• why CP 77 didn't just make the new data element a DS, keep the same units that were used previously and that are the normal units in which a user expects to see the value displayed ?
  • why not just call the data element something like Exposure (Decimal), or indeed use the same name and rename the old one to Exposure (Retired) or similar ?
  • why was the old attribute in the CR Image Module not simply retired or deprecated in some other way ?
I have no good answers to these questions, but unfortunately the CP 77 approach set a precedent for all subsequent changes of this type, which include the data elements listed in but not fixed by CP 77, which is perhaps why we have ended up with:
  • Exposure Time in μS (0018,8150), which is DS VR
  • Exposure in μAs (0018,1153), which is IS VR
  • X-Ray Tube Current in μA (0018,8151), which is DS VR
Thankfully, CP 187, which introduced the new data elements, did not repeat the same mistake of using an IS rather than DS VR, but did perpetuate the notion of adding a different scaling factor to disambiguate the new data element from the old. I have to take responsibility for this particular piece of stupidity, since I was doing the editing for the DX supplement and probably this CP also at the time. Surprisingly, and I can't remember why (probably an oversight on my part), though Exposure in μAs (0018,1153) got propagated into the CR and CT IODs, Exposure Time in μS (0018,8150) and X-Ray Tube Current in μA (0018,8151) did not, which often causes implementers reading PS 3.3 not to realize that these can be used to solve any precision problems for time and current as well as exposure. Another CP on this subject is probably in order.

There are several other problems than the VR and the scaling factor with this approach of fixing inappropriate VRs by adding optional attributes that mean the same thing as what they are intended to "replace", without actually retiring and removing the old attribute. Specifically:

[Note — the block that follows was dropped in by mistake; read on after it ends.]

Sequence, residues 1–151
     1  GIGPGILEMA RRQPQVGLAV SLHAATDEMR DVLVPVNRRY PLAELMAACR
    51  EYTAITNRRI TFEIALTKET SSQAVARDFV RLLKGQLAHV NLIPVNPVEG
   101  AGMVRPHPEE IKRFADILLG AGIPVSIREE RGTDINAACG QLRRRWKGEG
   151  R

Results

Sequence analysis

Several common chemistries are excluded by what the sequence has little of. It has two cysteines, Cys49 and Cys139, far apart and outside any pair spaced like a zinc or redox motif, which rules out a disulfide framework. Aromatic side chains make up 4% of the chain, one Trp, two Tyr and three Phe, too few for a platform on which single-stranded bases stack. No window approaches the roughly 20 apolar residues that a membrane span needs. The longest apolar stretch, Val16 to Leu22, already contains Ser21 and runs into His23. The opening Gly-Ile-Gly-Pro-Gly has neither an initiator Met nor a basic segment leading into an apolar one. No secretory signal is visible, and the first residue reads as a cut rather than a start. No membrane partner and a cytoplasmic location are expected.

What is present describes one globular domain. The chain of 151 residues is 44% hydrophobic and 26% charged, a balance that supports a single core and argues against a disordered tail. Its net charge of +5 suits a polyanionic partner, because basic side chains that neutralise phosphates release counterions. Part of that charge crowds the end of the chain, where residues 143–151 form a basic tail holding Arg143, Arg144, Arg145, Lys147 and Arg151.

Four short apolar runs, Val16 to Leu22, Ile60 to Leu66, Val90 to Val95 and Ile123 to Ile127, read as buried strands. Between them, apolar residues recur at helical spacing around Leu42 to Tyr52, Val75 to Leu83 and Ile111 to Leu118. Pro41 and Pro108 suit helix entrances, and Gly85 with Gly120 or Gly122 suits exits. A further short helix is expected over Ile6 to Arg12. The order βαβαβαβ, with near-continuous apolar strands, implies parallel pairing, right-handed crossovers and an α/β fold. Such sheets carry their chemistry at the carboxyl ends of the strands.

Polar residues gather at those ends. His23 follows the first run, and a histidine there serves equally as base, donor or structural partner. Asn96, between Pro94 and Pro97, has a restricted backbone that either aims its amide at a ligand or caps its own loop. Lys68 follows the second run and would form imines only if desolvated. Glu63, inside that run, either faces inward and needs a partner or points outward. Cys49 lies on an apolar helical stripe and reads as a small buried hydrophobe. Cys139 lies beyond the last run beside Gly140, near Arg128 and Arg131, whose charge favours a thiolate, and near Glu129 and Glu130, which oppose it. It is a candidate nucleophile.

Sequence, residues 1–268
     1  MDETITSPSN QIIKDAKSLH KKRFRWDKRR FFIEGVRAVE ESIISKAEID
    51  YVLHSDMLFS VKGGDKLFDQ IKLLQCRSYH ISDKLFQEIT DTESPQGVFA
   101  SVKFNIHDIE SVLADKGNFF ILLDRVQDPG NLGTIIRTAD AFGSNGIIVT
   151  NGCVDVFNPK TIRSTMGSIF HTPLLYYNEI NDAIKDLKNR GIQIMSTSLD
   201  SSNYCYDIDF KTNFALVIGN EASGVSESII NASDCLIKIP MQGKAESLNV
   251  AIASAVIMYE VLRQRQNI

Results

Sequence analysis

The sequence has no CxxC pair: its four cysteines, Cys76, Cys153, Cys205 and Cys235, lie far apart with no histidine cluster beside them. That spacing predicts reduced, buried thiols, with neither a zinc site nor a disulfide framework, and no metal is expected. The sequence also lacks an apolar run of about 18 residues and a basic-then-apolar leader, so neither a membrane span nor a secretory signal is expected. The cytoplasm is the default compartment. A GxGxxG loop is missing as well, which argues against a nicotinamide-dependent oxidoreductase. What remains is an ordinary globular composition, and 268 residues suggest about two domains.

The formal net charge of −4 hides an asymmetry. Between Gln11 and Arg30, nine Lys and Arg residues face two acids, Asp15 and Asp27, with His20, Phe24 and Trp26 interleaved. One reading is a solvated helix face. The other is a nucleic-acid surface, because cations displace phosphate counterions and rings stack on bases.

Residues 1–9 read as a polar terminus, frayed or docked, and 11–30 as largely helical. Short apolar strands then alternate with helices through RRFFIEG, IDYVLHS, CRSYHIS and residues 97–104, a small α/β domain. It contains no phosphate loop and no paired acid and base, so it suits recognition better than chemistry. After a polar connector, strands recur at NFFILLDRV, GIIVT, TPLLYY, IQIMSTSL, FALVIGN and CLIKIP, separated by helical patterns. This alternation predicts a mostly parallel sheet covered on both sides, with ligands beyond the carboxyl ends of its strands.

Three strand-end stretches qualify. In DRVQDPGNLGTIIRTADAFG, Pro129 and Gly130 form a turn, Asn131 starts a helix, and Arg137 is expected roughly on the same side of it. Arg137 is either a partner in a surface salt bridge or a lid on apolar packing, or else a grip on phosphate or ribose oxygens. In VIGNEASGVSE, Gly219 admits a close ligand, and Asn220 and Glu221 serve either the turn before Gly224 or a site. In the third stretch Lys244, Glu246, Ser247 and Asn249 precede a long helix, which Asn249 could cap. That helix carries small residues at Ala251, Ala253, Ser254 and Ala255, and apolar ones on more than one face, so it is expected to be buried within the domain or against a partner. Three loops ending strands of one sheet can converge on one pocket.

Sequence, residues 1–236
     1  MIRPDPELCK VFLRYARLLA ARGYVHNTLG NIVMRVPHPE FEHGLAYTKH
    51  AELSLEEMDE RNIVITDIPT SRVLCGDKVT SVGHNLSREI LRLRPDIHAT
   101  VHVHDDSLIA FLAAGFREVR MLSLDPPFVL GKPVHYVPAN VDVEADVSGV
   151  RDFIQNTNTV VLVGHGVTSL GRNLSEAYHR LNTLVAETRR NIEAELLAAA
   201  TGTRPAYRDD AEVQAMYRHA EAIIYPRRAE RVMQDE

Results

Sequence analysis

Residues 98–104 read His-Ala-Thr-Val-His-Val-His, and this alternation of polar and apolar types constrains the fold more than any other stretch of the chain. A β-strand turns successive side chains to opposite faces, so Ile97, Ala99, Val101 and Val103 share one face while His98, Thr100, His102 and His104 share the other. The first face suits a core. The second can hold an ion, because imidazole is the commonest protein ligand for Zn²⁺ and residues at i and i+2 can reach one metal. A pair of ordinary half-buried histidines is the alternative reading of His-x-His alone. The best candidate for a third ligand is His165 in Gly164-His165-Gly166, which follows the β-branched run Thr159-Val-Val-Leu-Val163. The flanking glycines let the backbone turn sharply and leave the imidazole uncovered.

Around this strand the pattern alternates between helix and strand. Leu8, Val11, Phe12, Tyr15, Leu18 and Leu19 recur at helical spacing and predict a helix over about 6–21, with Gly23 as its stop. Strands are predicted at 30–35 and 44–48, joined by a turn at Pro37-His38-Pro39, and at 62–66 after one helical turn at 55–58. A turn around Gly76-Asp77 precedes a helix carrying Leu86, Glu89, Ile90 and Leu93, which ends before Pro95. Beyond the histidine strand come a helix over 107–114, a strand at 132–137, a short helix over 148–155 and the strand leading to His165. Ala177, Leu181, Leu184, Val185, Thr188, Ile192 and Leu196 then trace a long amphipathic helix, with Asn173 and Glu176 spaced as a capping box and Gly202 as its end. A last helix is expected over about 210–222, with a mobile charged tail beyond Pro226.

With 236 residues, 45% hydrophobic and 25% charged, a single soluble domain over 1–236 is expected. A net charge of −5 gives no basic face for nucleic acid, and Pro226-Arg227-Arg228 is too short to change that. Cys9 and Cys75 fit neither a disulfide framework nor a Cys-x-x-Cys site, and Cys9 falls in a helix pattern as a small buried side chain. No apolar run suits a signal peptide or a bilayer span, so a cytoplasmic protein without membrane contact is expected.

• How is a poor receiver to know which to use if it receives both (the sensible answer is to use the more precise one instead of the less precise one, but the standard does not require that) ?
  • What about an old receiver that has never heard of the new attribute (it will display the old less precise one) ?
  • Should a sender send both a less precise and a precise value, just to be able to allow such old receivers to display something rather than nothing (almost certainly yes) ?
If you think this is unfortunate, guess what, with the new Enhanced IODs we decided to make things even "better" by introducing yet more new attributes, this time with a more conventional scaling factor but an FD value representation. These are used in the Enhanced CT IOD, as well as the new Enhanced XA/XRF, 3D X-Ray and similar IODs:
  • Exposure Time in ms (0018,9328), which is FD VR
  • X-Ray Tube Current in mA (0018,9330), which is FD VR
  • Exposure in mAs (0018,9332), which is FD VR
Note that this is not nearly as bad as it sounds, because these new attributes only occurr nested inside the per-frame and shared functional group sequences, and hence will not occur in the "top level" dataset in a manner that might confuse receivers. Receivers of enhanced IOD images need to extract all their technique, positioning and other frame-specific annotation information from such sequences, and hence should always use the new attributes and never need to worry about encountering the old ones. These attributes are also mandatory attributes by the way, as is the convention with all of the Enhanced family of objects. The use of FD (or FL) rather than DS, by the way, has been the policy of WG 6 for some time now when introducing new non-integer numeric data elements, since the use of binary IEEE floats eliminates any ambiguity in encoding or parsing funky string values that are not described for DS, like infinity or NaN.